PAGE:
crowded bathrooms.JPG

The upstairs staff bathroom also serves as storage for air conditioners, extra dishware and cleaning supplies. (Kate Barcellos)

RICHFORD — The Franklin Northeast Supervisory Union will continue to share space with the Richford Post Office for the rest of this school year.

District personnel will be pleased to be out whenever they are able to.

The hope is that the Perley Block building at 366 Main St. in Enosburg Falls will have renovations finished by the beginning of the next fiscal year, FNESU business manager Morgan Daybell told the Messenger.

The current space has no room for visitors or breaks, no private rooms and limited parking.

The new building, meanwhile, has 19 rooms including nine bedrooms and seven bathrooms, and the lower level of the building could serve as a childcare center, with office space on the third floor and apartments on the second, Tim Smith, director of the Franklin County Industrial Development Corporation told the Messenger previously.

The new building will provide approximately 600 square feet of additional space, and ideally, it won’t have leaky ceilings and closet-sized offices.

District personnel probably won’t even have to store their air conditioners in the bathrooms for the winter.

Limited space

Courtney Fletcher, administrative to superintendent Lynn Cota shares her office with three other employees each in adjacent cubicles with little or no space for visitors, including families, students and teachers.

“It’s tough to have a meeting and have privacy,” said Early Education Director Melissa Wood.

The same is true for the business department office downstairs, where Daybell and others work at desks separated by cubicle walls in one continuous flow of rooms with little room between each desk.

With the district offices already busting at the seams, there is no room for itinerant workers who work at the building when they aren’t in schools. There’s also no proper break room for staff: the coffee and tea station for the offices upstairs is a table set in the hallway, the only spot available.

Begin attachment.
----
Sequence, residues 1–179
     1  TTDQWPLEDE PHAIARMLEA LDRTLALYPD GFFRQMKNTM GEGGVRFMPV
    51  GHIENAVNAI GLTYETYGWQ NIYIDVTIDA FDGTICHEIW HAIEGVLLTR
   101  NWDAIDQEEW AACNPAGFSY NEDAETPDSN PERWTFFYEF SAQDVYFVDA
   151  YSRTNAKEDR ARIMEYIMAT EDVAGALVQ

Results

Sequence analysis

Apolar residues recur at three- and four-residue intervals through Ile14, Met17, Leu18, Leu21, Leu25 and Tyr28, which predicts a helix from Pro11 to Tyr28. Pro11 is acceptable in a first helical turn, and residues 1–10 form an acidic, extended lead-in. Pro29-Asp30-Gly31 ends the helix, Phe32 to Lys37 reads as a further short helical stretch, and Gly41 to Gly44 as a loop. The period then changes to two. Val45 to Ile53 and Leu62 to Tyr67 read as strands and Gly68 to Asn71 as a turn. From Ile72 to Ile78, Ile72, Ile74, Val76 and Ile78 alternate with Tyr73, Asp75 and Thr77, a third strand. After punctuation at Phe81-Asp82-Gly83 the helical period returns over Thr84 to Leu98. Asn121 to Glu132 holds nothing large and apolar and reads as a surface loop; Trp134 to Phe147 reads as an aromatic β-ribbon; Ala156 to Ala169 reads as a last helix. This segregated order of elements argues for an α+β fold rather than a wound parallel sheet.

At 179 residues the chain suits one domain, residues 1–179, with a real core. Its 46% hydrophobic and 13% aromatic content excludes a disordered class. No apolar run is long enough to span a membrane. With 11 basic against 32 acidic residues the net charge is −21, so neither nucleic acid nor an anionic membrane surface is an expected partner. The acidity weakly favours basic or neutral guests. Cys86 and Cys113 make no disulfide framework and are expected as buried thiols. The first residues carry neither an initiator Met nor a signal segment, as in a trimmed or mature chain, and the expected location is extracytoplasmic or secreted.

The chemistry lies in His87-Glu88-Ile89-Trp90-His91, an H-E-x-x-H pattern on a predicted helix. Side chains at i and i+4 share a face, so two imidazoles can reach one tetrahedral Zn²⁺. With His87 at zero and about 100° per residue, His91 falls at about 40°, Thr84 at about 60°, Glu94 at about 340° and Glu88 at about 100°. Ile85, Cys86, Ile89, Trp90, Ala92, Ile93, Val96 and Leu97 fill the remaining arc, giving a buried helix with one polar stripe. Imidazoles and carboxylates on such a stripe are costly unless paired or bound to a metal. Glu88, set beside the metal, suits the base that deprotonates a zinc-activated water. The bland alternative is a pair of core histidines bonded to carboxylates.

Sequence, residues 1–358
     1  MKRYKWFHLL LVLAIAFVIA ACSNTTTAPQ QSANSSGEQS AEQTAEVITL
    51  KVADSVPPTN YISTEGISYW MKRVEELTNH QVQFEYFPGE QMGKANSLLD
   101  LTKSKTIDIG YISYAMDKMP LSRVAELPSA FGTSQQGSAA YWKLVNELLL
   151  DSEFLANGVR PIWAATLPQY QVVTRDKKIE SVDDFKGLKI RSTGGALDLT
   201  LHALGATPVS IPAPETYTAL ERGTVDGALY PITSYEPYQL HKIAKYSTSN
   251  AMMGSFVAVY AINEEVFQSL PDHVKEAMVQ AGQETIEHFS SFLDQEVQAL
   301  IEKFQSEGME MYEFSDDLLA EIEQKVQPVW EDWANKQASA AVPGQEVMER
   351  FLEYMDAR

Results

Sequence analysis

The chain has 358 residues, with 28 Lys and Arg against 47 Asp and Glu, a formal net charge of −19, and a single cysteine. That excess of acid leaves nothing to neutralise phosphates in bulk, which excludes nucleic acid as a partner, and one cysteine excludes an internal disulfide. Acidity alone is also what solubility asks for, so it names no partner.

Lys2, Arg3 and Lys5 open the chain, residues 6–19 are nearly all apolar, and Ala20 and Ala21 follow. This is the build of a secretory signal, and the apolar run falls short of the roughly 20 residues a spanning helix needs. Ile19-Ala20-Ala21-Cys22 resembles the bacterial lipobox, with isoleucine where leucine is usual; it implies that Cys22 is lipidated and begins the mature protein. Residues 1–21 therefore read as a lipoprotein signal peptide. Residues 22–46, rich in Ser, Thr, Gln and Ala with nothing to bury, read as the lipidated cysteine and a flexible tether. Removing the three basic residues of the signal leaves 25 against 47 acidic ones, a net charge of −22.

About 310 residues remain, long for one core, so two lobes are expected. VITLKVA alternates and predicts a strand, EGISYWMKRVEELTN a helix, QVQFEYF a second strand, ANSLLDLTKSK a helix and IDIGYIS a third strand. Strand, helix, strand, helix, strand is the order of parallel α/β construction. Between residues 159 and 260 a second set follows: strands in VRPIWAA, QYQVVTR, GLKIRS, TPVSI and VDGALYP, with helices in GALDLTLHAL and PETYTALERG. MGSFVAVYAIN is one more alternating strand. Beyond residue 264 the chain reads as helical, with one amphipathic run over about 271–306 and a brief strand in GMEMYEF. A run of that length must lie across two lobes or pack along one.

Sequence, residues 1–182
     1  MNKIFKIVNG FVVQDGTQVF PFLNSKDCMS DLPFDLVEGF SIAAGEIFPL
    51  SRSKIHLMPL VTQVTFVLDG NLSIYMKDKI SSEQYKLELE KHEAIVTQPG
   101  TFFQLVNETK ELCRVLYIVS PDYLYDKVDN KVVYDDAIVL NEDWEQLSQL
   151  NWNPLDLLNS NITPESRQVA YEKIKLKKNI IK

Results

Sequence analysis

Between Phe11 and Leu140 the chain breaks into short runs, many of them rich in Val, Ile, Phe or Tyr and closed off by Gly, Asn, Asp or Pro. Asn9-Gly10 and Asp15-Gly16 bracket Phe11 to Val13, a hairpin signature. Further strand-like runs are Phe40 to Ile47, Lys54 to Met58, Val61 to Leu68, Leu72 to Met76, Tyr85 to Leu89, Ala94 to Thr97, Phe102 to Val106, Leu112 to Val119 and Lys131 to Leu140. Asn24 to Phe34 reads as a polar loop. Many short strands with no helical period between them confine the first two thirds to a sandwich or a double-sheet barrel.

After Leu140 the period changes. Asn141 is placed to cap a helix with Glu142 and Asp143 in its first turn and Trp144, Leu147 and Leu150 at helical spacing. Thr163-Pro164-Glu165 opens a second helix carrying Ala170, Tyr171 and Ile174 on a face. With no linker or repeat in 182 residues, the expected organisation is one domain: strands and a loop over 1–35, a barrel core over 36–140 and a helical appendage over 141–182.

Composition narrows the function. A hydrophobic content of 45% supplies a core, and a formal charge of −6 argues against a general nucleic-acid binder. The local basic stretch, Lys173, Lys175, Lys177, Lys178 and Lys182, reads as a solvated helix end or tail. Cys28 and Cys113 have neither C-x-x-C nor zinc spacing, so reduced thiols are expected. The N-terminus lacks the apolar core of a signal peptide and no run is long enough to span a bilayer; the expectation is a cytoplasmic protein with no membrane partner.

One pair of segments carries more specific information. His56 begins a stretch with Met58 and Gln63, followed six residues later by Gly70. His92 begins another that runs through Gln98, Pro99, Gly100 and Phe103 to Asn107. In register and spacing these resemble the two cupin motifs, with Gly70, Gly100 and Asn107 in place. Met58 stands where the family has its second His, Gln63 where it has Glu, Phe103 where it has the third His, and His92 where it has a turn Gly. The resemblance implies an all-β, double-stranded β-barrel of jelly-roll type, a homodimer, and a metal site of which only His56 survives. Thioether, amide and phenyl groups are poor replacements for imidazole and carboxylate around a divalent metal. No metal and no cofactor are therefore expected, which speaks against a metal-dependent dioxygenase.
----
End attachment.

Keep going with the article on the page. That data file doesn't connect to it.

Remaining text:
Space is limited outside, too, as Fletcher showed in walking through the parking situation.

FNESU has access to three parking lots: one main lot and two overflow lots located up the hill. When the parking lot fills up with employees from both the FNESU and the post office, any others have to park up the hill.

State of disrepair

In addition to needing more space, the FNESU also needs stable roofing and ADA-compliant stairways, entrances and bathrooms.

There is a black iron spiral staircase on one end of the wing that leads into the fallout shelter in the basement, and it is the opposite of wheelchair accessible.

Fletcher said there have been times when water would stream through the leaky roof in her office, which she shares with four other employees.

Sometimes the flow was so heavy that water soaked through the floor and into the offices below, Fletcher said.

“It gets pretty bad,” Fletcher said.

The fallout shelter in the basement of the building is a series of brick wall rooms storing Christmas decorations and boxes of files, but each box has to be stored on top of wood pallets so the papers aren’t damaged when the basement floods, Fletcher said.

A grant for renovating

The district has had its eye on a building in the Perley Block for months, Daybell said.

On Aug. 31, the Village Trustees of Enosburg Falls signed the letter and resolution for a $500,000 grant from the Vermont Community Development Program, and Smith said the grant would go toward the renovation of the building.

The projected cost of totally renovating and rebuilding the Perley Block is about $1.2 million, and FCIDC would foot the bill, Smith said.

Building owner Charles Mraz previously told the Messenger that he bought it in 2004 as an investment property but cannot complete the renovations needed.

“I’ve actually wanted to get out of it,” Mraz told the Messenger in March. “Problem is, I live in Middlebury, and I’m too far away to manage it properly, and I have another business, and it’s been kind of a thorn in my side a little bit.

“The nice thing about [this project] is I can get out in a way where I know there’s a great future for the building and for the town.”

Smith expects to hear whether the VCD grant is approved by November, he said.

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